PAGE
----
Jill Biden Talks Faith, Politics During Atlanta Campaign Fundraiser
Speaking at a private event in Atlanta on Tuesday, former second lady Jill Biden celebrated recent endorsements for her husband, former Vice President Joe Biden, from prominent Atlanta politicians and shared a glimpse into her life on the campaign trail.
Out drumming up support for her husband, Biden did not talk about recent polls or the upcoming debates. Instead, she talked about life on the trail and thanked Atlanta Mayor Keisha Bottoms and State Rep. Calvin Smyre for endorsing her husband's 2020 bid.
At Joe Biden's side through eight of his 10 campaigns, his wife has endured attacks from opposition, tough coverage and heart-wrenching personal loss. But, she says, during this campaign — her husband's 11th run for elected office — she has found something unexpected.
"For all the things I expected to find on this campaign, a pathway back to my faith was not one of them," she said.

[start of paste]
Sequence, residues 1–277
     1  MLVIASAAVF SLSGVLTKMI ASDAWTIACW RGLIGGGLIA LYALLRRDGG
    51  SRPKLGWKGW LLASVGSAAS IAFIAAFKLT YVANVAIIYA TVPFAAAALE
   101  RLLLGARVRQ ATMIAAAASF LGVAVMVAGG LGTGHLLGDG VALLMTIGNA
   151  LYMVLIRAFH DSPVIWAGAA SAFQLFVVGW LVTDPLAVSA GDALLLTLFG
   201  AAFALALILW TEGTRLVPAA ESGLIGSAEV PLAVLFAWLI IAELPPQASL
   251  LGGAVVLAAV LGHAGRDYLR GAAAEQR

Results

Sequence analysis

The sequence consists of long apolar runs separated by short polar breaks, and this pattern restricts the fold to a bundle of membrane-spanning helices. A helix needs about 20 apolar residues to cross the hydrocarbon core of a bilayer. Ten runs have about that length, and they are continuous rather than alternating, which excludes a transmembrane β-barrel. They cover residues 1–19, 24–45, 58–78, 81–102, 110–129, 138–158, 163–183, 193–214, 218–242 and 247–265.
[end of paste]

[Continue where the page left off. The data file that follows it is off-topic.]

Jill Biden said that a recent prayer service she attended touched her in an unexpected way.
“For the first time in a long time I felt like there was a path to recovering my faith," she said.
Struggling with faith after the death of their son, Beau, was a topic that Jill Biden wrote intimately about in her book Where The Light Enters: Building a Family, Discovering Myself. In the chapter "Shattered," she said that after Beau's death her family was, "broken."
"The grandkids ask Joe to take them to church like we used to, so when we're in Wilmington, they go to a service together, but I stay behind, she wrote in the 2019 memoir. "I still have a lot of unanswered questions. Where I once saw order, I now see chaos. Where I once felt that peace that surpasses understanding, I now feel a hollow silence. I'm still not ready for sermons or prayers.
She continued, "one day, I hope I can salvage my faith."
Back at the fundraiser Tuesday, Jill Biden said it was the people she met on the trail that pivoted her back toward her faith.
The pitch then turned back to her mission: promoting her husband's candidacy.
"We are here today because we believe in the darkest times we can be a light for each other,” she said in closing, "and we know we can’t write the next chapter in our nation’s story unless we come together.”